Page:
The number of people waiting for heart surgery in England could rise by more than 40% by next spring, a charity has warned.
The British Heart Foundation said more government money was needed - or it will take up to five years for cardiac services to return to pre-Covid levels.
"Even before the pandemic began, waiting lists for vital heart care were far too long," said the BHF.
The government said it had invested £1bn this year to reduce waiting lists.
The charity's warning about heart care comes just a day after new analysis suggested nearly 14 million people could be on NHS waiting lists in England by next autumn.
A backlog is predicted as patients who did not come forward during the pandemic now seek treatment and join waiting lists for routine operations.
The BHF said the number waiting for heart surgery - such as a heart bypass or transplant - in England is predicted to rise from 11,000 to more than 15,000 by February.
The number waiting for more general heart care - for example diagnostic scans and treatment such as stents - could reach 500,000 by early 2024, it said. This would be double the levels seen before the pandemic in February 2020.
The BHF said it had carried out modelling for its worst case scenario - and estimated that cardiology waiting lists might not return to early 2020 levels until the end of 2026.
Around 7.6 million people live with heart and circulatory diseases in the UK, the BHF said.
"Delay in diagnosis and treatment of cardiovascular diseases is not just about improving symptoms, however important that is - it is about saving lives," Prof Sir Nilesh Samani, medical director at the BHF, said.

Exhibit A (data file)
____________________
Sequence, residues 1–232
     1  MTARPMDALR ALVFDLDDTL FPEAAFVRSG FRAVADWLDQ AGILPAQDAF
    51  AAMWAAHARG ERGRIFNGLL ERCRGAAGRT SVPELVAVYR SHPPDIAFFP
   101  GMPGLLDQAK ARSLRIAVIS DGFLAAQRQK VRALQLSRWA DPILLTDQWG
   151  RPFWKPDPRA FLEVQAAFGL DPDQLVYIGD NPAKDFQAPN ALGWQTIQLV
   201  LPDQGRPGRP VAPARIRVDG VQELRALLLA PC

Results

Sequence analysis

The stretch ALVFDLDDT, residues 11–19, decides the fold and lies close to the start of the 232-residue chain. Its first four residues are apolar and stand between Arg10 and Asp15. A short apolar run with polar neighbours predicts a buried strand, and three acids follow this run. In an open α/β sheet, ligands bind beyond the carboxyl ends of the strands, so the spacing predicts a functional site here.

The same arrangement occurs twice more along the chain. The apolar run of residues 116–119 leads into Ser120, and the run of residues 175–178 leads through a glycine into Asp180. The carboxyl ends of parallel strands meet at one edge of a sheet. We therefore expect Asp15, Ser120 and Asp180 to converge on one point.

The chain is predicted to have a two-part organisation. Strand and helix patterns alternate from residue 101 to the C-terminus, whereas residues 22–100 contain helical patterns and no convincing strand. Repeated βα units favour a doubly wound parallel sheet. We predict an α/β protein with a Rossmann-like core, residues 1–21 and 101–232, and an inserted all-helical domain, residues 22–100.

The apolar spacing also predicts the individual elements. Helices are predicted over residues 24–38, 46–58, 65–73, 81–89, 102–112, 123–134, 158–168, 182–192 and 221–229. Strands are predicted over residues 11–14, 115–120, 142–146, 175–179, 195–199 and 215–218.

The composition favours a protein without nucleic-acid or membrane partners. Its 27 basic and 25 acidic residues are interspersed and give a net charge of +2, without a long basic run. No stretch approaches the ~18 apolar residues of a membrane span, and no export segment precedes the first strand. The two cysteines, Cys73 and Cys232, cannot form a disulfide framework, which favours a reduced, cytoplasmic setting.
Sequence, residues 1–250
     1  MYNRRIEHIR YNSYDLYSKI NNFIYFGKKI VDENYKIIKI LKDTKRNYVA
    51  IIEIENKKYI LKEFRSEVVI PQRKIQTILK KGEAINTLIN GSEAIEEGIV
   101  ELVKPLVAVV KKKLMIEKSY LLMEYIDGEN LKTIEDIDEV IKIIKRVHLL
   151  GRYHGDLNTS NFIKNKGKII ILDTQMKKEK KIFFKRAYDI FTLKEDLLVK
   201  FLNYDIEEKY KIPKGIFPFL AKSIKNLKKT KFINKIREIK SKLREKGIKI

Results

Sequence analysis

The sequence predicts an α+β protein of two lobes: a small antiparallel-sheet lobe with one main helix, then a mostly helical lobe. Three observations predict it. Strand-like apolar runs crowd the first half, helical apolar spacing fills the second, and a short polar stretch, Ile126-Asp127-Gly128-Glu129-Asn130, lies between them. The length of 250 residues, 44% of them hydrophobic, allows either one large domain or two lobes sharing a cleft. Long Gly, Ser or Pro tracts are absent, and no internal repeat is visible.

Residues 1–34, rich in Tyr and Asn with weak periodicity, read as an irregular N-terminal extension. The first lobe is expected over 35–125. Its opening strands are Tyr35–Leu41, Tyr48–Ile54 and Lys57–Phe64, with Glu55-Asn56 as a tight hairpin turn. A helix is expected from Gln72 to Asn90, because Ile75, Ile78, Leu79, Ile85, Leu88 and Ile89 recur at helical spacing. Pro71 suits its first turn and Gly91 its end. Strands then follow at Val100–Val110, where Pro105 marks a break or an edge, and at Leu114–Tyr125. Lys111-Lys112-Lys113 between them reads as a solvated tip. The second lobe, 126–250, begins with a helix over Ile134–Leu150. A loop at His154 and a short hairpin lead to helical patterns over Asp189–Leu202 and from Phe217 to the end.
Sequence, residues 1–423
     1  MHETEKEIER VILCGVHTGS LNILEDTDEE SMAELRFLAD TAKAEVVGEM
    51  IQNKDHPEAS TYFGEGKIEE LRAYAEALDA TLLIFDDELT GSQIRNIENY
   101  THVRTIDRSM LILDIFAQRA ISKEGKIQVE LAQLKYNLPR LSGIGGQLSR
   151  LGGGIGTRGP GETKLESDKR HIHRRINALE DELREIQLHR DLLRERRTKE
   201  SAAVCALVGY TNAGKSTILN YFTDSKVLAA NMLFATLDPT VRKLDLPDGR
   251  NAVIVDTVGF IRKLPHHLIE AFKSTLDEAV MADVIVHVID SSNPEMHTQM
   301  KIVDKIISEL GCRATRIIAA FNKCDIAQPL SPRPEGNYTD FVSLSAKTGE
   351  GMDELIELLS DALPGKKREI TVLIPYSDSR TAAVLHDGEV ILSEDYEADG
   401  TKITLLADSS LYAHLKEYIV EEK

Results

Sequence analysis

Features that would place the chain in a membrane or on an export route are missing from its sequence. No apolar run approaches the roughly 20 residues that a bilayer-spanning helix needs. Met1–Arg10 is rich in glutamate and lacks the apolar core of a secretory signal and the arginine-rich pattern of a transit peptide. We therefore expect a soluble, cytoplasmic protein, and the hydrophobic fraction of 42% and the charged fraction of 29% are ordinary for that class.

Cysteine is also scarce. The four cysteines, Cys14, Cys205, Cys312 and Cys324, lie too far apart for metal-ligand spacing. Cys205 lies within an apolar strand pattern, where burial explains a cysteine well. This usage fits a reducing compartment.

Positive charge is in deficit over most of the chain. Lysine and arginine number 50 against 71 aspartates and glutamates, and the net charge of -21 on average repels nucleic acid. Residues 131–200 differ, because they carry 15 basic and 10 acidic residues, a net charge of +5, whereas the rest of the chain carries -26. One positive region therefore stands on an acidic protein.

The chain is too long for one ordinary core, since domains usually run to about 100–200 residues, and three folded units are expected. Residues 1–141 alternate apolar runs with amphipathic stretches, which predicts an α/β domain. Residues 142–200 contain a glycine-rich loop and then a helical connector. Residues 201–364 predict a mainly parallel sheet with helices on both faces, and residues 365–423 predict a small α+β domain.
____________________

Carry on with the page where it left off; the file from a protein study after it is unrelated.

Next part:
"Tragically, we have already seen thousands of extra deaths from heart and circulatory diseases during the pandemic, and delays to care have likely contributed to this terrible toll."
The charity said it wanted to see an above-inflation rise in health spending and a plan to recruit more heart specialists.
"At this critical moment, the government must act now to avoid more lives lost to treatable heart conditions. Addressing the growing heart care backlog is only the start," said Prof Samani.
"We must also see a clear plan, alongside significant and ongoing investment, to build capacity back into the NHS and address the pandemic's impact on health workers. Getting this right would avoid preventable heartbreak for many families."
The government pointed to data from May this year that showed services were already recovering - and the number of new referrals for cardiology and cardiothoracic surgery had returned to similar levels seen prior to the pandemic.
"The NHS has faced huge challenges over the past year due to Covid-19 and we continue to support our incredible health and care staff who have kept services open for thousands of patients," a Department of Health and Social Care spokesperson said.
"This includes dedicated investment of £1bn this year to tackle the backlog and reduce waiting lists."
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